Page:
Kate Warner was sworn into office as Tasmania’s 28th Governor on Wednesday 10 December 2014 and her term ended on 9 June 2021. Shortly after, she was appointed by the Premier to lead the Pathway to Truth-Telling and Treaty project, consulting with the Tasmanian Aboriginal people.
As Governor, she was Chair of the Advisory Committee to the Peter Underwood Centre of Educational Attainment and took a keen interest in educational attainment and literacy. Reflecting her background in Criminology, she supported parenting programs at the women’s prison by attending many of the final session of these courses. In her speeches, she spoke frequently of the need to promote gender equality and tackle the problem of gender violence. Engagement with the Aboriginal people of Tasmania and their organisations was also a focus of her term as Governor and led to her appointment to the Pathway project.
Before her term as Governor, Kate Warner was a Professor, Faculty of Law, at the University of Tasmania and Director of the Tasmania Law Reform Institute. During her career at the University, she held the positions of Dean, Faculty of Law, and Head of School. Following her appointment as Governor, she was made a professor emeritus.
On 26 January 2014 she was appointed a Member of the Order of Australia (AM) for her significant service to the law, particularly in the areas of law reform and education. On 26 January 2017 she was appointed a Companion of the Order of Australia (AC) for her eminent service to the people of Tasmania through leading contributions to the legal community, to law reform, to higher education as an academic, researcher and publisher and as a supporter of the arts and environmental and social justice initiatives.
Her teaching interests included Criminal Law, Evidence, Criminology and Sentencing, and her research interests included Sentencing and Criminal Justice. After her appointment as Governor, she continued her research in Sentencing, and continued to lead two ARC funded research projects on using juries to gauge public opinion on sentencing. Publications, conference presentations and media interviews describing the results of these projects have continued into 2021. When possible, she continued to review articles, examine PhD theses and supervise postgraduates (her last postgraduate to complete was Rhiannon Davies in 2017; her research was on victim impact statements in sexual offence cases).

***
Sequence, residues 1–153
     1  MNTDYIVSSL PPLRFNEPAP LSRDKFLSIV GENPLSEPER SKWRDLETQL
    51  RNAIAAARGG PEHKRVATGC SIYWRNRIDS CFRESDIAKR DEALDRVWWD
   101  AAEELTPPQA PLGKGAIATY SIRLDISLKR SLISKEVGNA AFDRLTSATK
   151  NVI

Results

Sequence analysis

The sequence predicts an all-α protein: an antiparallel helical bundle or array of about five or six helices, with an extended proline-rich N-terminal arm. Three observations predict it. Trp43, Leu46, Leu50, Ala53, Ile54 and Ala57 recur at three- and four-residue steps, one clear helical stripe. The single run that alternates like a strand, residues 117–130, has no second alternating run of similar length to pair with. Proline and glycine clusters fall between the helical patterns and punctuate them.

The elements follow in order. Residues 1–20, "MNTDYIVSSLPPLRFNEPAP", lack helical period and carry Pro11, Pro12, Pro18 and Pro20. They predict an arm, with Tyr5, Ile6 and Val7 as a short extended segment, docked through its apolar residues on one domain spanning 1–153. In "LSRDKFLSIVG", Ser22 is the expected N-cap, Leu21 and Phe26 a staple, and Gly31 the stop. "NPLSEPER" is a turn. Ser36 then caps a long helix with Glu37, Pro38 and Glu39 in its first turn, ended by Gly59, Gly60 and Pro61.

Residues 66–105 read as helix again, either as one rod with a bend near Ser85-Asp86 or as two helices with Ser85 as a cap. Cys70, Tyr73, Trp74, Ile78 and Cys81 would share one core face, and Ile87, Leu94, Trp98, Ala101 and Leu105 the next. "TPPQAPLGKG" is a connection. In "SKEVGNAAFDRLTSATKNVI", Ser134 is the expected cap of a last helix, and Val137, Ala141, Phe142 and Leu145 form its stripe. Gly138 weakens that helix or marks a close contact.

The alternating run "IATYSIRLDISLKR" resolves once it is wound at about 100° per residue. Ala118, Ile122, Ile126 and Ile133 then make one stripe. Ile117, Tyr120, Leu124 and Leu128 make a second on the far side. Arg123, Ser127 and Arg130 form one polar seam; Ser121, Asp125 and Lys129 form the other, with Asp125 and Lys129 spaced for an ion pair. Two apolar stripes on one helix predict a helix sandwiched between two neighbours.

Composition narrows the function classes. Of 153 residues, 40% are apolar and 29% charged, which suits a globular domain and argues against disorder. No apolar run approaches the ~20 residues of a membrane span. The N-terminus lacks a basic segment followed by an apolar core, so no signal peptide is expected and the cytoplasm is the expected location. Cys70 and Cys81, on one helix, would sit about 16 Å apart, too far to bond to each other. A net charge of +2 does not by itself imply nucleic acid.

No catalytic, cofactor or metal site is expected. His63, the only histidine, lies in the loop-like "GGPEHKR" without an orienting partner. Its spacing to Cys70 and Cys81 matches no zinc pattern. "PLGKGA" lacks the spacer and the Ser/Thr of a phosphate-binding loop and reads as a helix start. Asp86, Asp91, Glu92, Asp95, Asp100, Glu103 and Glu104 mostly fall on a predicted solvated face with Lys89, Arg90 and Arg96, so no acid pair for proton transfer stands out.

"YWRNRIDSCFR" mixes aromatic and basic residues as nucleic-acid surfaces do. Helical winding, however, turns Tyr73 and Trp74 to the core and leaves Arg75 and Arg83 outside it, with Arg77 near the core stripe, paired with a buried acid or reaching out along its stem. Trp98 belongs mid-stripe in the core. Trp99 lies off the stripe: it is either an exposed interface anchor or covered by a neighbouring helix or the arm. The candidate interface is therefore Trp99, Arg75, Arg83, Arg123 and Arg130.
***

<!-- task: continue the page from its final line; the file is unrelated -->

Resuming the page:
She was a Commissioner of the Tasmanian Gaming Commission, with a particular interest in regulation, gaming policy and harm minimisation.
Professor Warner was a Member of the Sentencing Advisory Council (2010-2014) and assisted with the preparation of the Council’s discussion papers and reports.
She was a Member of the Board of Legal Education; a Member of the Council of Law Reporting; and Director, Centre for Legal Studies.
In addition to her work as Director of the Tasmania Law Reform Institute (2001-2014), she had been involved in providing advice and submissions on rape law reform, drug diversion and mental health diversion programs and abortion law reform. She also assisted other law reform bodies nationally including the New South Wales Law Reform Commission and the Australian Law Reform Commission.
As the former President of the Alcorso Foundation, she supported social and cultural advancement in the community through its programs in the Arts, Environment and Social Justice.
She has received a number of awards and fellowships, including Foundation Fellow of the Australian Academy of Law in 2007; Visiting Fellow All Souls College Oxford in 2009; the University of Tasmania Distinguished Service Medal in 2013; and the Women Lawyers Award for Leadership in 2013. In December 2016 she was made a Fellow of the Australian and New Zealand Society of Criminology.
Kate Warner graduated with a Bachelor of Laws (Honours) from the University of Tasmania in 1970, and a Master of Laws in 1978. She served as associate to the former Chief Justice, Sir Stanley Burbury and was admitted to legal practice in 1971.
She has published numerous journal articles, book chapters and law reform reports. She first published Sentencing in Tasmania in 1991, which has since become an indispensable tool for judges and magistrates. She was a member of the editorial boards of Current Issues in Criminal Justice; Women Against Violence; and the Criminal Law Journal. She contributed the annual Sentencing Review to the Criminal Law Journal from 1998 until 2014. Related to her role with the Tasmania Law Reform Institute, she has written a number of papers and reports for the Board.